Colombo Telegraph

Abracadabra In China

By Tisaranee Gunasekara

“What they wish to be, they believe is true.” – Carl Sagan (The Demon–Haunted World)

Sri Lanka is to get her first Formula One track. The Chinese will build it, in the soon-to-be-constructed artificial landmass, Colombo Port City.

Motor racing is a particular passion of Namal, Yoshitha and Rohitha Rajapaksa. In a few years, the presidential offspring will be able to glory in their very own Formula One track, thanks to Chinese generosity.

The Chinese certainly know how to flatter, indulge and please, how to create dependency out of greed, nooses out of largesse.

Rohitha Rajapaksa says he always dreamt of being world’s youngest astronaut. And China has reportedly promised to turn this yearning into reality.

(A necessary digression – Rohitha Rajapaksa is the Chief Technical Director of SupremeSAT, the company which sprouted with miraculous suddenness to take Lanka to space age. The youngest presidential offspring has been hailed as the creator of Sri Lanka’s satellite programme[i]. The first Lankan satellite was launched in 2012, with customary Rajapaksa pomp and pageantry. Subsequently it was revealed that Sri Lanka does not have a satellite programme and that the much vaunted Lankan satellite is actually a Chinese satellite. SupremeSAT merely rented it, reportedly a common practice[ii]. Incidentally SupremeSAT seems rather invisible these days[iii]; the last time it made news was in January 2014, when it was accused of supplying low-quality coal for Norochcholai power plant[iv]. Is SupremeSAT a Lankan version of that infamous historic hoax, the South Sea Company?)

The Chinese obviously excel at Rajapaksa-management. The best way to advance Beijing’s agenda in Colombo is to give Sri Lanka’s ruling family whatever it desires, besides backing its power-project to the hilt. Mahinda Rajapaksa wanted an international airport and an international sea port in his home city of Hambantota. No international investor/creditor was forthcoming, probably because of the extreme economic infeasibility of both ventures. The Chinese made those dreams possible. Other Ruling Siblings too are being helped with their pet projects from the Lotus Tower to military housing in the North/East and the Defence Services College in Colombo. With this Abracadabra approach, it is little wonder that the Rajapaksas are totally in thrall to the Mages in Beijing.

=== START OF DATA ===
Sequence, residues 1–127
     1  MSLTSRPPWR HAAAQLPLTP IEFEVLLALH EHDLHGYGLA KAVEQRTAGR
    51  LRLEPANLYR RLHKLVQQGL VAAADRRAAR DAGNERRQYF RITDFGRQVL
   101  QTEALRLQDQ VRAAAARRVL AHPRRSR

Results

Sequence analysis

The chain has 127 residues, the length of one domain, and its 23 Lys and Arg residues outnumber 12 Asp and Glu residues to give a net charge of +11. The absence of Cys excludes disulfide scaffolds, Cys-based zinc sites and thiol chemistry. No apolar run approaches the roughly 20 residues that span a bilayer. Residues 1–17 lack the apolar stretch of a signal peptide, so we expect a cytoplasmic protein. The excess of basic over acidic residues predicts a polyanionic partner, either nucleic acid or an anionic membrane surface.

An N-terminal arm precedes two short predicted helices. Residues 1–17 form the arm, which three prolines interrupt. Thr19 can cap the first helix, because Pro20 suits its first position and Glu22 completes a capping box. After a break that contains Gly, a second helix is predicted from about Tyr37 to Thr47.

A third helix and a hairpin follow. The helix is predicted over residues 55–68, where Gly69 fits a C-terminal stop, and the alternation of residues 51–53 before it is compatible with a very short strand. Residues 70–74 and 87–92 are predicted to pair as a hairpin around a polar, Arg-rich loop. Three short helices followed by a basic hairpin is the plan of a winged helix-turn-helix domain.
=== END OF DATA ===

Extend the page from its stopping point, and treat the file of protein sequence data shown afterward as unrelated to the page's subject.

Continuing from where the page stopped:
True, no international flight comes to Mattala. Even the visiting Chinese President opted to use the Bandaranaike International Airport. Without a government order making it mandatory for vehicle importers to use the Hambantota Port, that Chinese construction too would have become a ghost-port[v].

The regime says that Colombo Port City will create many jobs. An identical claim was made when the Hambantota Port was being built. Sri Lanka Ports Authority stated that “with the setting up of the Hambantota Port, nearly 56,000 job opportunities will be created in the Southern region”[vi]. That dream has become another mirage. In 2013, the government admitted that the Hambantota Port did not create any new job opportunities[vii]. The Mattala airport too is using employees of the BIA.

For Sri Lanka, these ill-conceived, uneconomical and environmentally costly projects bring little or no benefits. But for China they bring multiple advantages. Politically these projects help Beijing to win Rajapaksa hearts and minds, and bring Sri Lanka even more into Chinese orbit. There is no economic fallout either, because the loans are given at relatively high interest rates. Additionally the Chinese do not scruple to hike interest rates whenever it suits them. For instance, in 2013, Exim Bank increased the interest rate for the Hambantota Port loan by a huge 5% (from 1.3% to 6.3%). As Minister of Ports and Highways Rohitha Abeygunawardhana admitted, “Though we had earlier decided to pay 1.3% interest, consequent to negotiations between the two parties, the government has agreed to pay 6.3% interest per annum.[viii]